Animation showing motion of Alpha Centauri through the sky. (The other stars are held fixed for didactic reasons) "Oggi" means today. "Anni" means years.
The Sun, a G2 main-sequence star, with dark sunspots
The discovery image of Alpha Centauri's candidate Neptunian planet, marked here as "C1".
Arcturus, a K1.5 giant compared to the Sun and Antares
Looking towards the sky around Orion from Alpha Centauri with Sirius near Betelgeuse, Procyon in Gemini, and the Sun in Cassiopeia generated by Celestia.
UGC 5797, an emission-line galaxy where massive bright blue stars are formed
Simulated night-sky image with a "W" of stars from Cassiopeia connected by lines, and the Sun, labeled "Sol", as it would appear to the left of the "W"
Hubble Space Telescope image of the nebula M1-67 and the Wolf–Rayet star WR 124 in the center
The Very Large Telescope and Alpha Centauri
Artist's impression of an L-dwarf
Artist's impression of a T-dwarf
Artist's impression of a Y-dwarf
Image of the carbon star R Sculptoris and its striking spiral structure
Sirius A and B (a white dwarf of type DA2) resolved by Hubble

Alpha Centauri C, or Proxima Centauri, is a small faint red dwarf (Class M).

- Alpha Centauri

There are also giant K-type stars, which range from hypergiants like RW Cephei, to giants and supergiants, such as Arcturus, whereas orange dwarfs, like Alpha Centauri B, are main-sequence stars.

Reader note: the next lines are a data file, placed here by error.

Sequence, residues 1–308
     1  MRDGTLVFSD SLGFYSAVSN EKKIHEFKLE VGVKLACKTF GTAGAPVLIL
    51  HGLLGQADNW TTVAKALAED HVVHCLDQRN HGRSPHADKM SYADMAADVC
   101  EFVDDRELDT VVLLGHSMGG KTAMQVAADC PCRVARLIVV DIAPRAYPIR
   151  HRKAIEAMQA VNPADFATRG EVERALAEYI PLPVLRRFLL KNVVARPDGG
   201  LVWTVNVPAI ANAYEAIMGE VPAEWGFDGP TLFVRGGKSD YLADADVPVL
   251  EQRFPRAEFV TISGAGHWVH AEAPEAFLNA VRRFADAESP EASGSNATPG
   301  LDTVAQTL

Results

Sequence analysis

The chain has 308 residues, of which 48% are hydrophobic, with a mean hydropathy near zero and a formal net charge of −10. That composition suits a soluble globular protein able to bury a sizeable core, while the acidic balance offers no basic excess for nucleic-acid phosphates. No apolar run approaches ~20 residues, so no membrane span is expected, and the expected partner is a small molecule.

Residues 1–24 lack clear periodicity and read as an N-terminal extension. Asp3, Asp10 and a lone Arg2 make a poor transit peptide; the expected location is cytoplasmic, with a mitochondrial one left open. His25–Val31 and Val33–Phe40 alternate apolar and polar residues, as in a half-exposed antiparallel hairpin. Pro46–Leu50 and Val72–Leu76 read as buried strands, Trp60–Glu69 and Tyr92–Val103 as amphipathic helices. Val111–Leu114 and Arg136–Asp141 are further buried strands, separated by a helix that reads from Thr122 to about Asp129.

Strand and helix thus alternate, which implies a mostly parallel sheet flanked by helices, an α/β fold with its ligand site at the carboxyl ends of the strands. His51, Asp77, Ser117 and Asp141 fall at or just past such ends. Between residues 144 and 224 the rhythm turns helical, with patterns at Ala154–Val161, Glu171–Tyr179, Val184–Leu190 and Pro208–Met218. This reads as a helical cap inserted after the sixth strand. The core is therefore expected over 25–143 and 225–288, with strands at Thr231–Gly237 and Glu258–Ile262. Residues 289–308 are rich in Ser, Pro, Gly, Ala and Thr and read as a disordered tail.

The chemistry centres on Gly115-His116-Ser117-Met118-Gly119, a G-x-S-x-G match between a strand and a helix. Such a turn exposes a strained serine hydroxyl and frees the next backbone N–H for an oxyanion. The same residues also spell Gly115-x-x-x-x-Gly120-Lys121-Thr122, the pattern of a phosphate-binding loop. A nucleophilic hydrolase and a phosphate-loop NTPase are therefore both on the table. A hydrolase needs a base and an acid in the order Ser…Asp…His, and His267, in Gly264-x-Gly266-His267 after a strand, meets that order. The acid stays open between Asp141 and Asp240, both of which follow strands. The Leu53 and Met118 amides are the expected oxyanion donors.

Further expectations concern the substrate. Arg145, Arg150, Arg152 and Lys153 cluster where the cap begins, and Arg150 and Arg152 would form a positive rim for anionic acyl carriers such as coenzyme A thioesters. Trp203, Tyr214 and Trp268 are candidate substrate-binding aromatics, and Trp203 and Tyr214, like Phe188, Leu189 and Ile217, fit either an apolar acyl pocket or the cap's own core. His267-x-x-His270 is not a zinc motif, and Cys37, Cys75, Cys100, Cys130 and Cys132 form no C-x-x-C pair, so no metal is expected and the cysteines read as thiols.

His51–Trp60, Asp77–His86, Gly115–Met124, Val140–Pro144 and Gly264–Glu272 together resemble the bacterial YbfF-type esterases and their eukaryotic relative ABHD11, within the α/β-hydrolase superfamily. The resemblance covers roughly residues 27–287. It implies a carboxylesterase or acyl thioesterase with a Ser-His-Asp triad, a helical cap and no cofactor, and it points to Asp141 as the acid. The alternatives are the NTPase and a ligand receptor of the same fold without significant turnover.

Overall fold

- Stellar classification
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5 related topics with Alpha

Overall

Hubble Space Telescope image of Sirius A and Sirius B. The white dwarf can be seen to the lower left. The diffraction spikes and concentric rings are instrumental effects.

Sirius

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Brightest star in the night sky.

Brightest star in the night sky.

Hubble Space Telescope image of Sirius A and Sirius B. The white dwarf can be seen to the lower left. The diffraction spikes and concentric rings are instrumental effects.
Sirius (bottom) and the constellation Orion (right). The three brightest stars in this image—Sirius, Betelgeuse (top right) and Procyon (top left)—form the Winter Triangle. The bright star at top center is Alhena, which forms a cross-shaped asterism with the Winter Triangle.
The orbit of Sirius B around A as seen from Earth (slanted ellipse). The wide horizontal ellipse shows the true shape of the orbit (with an arbitrary orientation) as it would appear if viewed straight on.